Louis Vuitton transforms a famous Lille restaurant into a boutique

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In oysters, you can sometimes find a pearl. For its part, Louis Vuitton has chosen L’Huîtrière (the oyster house) as the new setting for its latest boutique in the old town of Lille.

 

On 28 April, Bernard Arnault, the CEO of LVMH, the parent company of the trunk-maker, came to inaugurate it with full knowledge of the facts. A native of the region, he had previously frequented what was still a legendary restaurant in Lille, opened in 1928 and awarded a Michelin star.

 

© Louis Vuitton

 

As with the Samaritaine, also owned by the world’s number one luxury goods company, the work preserved the Art Deco heritage and the mosaics of the building, whose façade and interior are classified as historical monuments. Some thirty local craftsmen (ironworkers, specialists in marble and glass paste marquetry, etc.) have renovated the ceramics, earthenware and stained glass windows according to the rules of the art.  Cupboard doors, old kitchen worktops, stoneware mosaics on the floor, everything has been meticulously reconstructed.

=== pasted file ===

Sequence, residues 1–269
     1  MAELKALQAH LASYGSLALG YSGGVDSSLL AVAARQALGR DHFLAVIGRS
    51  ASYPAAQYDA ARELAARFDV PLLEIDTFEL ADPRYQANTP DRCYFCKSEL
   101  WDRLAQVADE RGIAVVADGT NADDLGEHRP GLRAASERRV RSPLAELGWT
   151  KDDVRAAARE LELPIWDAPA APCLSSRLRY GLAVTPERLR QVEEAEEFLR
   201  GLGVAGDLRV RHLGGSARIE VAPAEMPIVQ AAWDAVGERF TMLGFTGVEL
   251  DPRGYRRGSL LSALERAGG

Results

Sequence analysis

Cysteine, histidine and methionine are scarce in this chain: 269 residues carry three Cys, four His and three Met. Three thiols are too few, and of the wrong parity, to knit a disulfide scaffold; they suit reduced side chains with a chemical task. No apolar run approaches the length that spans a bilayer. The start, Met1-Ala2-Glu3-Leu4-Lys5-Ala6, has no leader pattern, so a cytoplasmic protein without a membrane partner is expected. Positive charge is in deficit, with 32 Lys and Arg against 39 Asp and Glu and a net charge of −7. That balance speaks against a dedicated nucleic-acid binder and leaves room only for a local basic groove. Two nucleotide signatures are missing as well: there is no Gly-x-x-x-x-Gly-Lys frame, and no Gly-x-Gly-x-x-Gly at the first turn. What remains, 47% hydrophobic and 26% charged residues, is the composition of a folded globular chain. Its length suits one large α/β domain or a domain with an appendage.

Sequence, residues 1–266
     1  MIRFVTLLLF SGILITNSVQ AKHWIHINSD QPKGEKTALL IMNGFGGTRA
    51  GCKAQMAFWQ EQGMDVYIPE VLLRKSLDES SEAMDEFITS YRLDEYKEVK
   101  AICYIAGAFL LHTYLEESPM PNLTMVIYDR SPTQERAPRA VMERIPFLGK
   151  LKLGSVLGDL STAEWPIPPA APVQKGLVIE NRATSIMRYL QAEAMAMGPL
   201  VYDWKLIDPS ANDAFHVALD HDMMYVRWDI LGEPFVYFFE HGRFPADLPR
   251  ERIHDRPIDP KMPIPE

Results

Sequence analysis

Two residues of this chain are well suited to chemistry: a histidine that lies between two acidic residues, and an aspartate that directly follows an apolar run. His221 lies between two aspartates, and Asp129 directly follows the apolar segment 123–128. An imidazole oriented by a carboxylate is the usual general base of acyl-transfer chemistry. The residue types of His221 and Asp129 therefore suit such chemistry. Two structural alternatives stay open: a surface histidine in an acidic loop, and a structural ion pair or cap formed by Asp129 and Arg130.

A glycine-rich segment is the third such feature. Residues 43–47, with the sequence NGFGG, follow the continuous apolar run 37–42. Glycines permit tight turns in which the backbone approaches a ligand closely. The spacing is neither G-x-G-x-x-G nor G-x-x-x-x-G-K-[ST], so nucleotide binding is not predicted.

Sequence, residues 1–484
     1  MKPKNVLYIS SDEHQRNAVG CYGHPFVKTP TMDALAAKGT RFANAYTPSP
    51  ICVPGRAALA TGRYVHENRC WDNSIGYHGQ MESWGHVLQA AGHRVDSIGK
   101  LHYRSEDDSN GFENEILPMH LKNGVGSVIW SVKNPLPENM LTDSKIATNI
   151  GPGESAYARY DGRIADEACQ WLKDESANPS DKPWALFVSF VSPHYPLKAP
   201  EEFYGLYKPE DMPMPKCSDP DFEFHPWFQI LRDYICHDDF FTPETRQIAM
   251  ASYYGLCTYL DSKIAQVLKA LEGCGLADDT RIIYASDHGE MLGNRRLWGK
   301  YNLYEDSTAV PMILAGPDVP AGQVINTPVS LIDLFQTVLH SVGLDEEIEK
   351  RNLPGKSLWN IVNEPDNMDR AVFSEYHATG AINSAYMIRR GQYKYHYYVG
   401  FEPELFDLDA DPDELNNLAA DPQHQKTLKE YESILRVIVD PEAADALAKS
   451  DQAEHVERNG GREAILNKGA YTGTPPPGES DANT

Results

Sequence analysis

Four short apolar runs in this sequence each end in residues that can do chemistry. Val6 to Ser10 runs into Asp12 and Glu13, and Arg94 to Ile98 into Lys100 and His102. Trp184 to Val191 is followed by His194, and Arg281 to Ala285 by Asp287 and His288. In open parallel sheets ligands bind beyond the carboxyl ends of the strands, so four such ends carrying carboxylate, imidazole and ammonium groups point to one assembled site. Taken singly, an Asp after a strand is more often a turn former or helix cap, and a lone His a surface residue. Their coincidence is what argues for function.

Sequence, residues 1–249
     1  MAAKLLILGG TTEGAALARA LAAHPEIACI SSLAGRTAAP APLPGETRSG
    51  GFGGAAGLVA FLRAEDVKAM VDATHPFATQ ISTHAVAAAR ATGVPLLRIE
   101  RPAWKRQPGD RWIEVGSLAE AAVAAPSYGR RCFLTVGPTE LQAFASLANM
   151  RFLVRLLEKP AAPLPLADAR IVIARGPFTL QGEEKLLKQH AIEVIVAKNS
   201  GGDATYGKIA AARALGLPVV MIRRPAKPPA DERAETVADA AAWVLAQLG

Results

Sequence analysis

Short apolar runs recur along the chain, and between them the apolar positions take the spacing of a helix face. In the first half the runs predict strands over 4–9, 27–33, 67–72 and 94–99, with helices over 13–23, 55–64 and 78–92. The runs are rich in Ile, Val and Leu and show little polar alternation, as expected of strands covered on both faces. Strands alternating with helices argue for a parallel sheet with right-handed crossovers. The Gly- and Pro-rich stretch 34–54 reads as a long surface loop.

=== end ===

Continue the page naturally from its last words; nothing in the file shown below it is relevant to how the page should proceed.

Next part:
“The shop has managed to keep the original spirit of the place. We always try to immerse ourselves in the local culture,” said Bernard Arnault, adding that more than half of the Louis Vuitton shops opened in Europe were listed !

 

© Louis Vuitton

 

 

“Dressed in wood and warm tones”, the shop has been designed in a “flat” spirit, also respectful of heritage. Nothing is fixed to the wall, with handbags displayed on bookcases, for example. The furniture is placed on the floor, like this table by Guillerme and Chambron, two designers from the 1950s, originally from the North, or these two fireplaces by the ceramist Emile Miller, a collaborator of Guimard and Eiffel who took part in the universal exhibitions. And one of which belonged to the Louis Vuitton family home in Asnières !

 

© Louis Vuitton

 

Louis Vuitton’s new Lille shop is larger than its predecessor, with two levels connected by a monumental staircase with a railing inspired by Art Deco motifs. It can thus offer women’s and men’s ready-to-wear and shoes, in addition to the luggage and other accessories already sold in the previous shop.

 

© Louis Vuitton

 

“We had to find a location and a surface worthy of the brand’s new generation of shops,” said Michael Burke, Louis Vuitton‘s CEO.  It’s a place of experience before it’s a place of commerce. In the digital age, people want to be able to spend time in shops.

 

© Louis Vuitton

 

And live experiences.  For the opening, the room dedicated to the organisation of events was transformed into a tea room, in association with Méert, a famous Lille company known for its waffles. On the first floor, customers can visit a small exhibition of old trunks. And as for services, they can benefit from hot stamping and engraving on perfume bottles.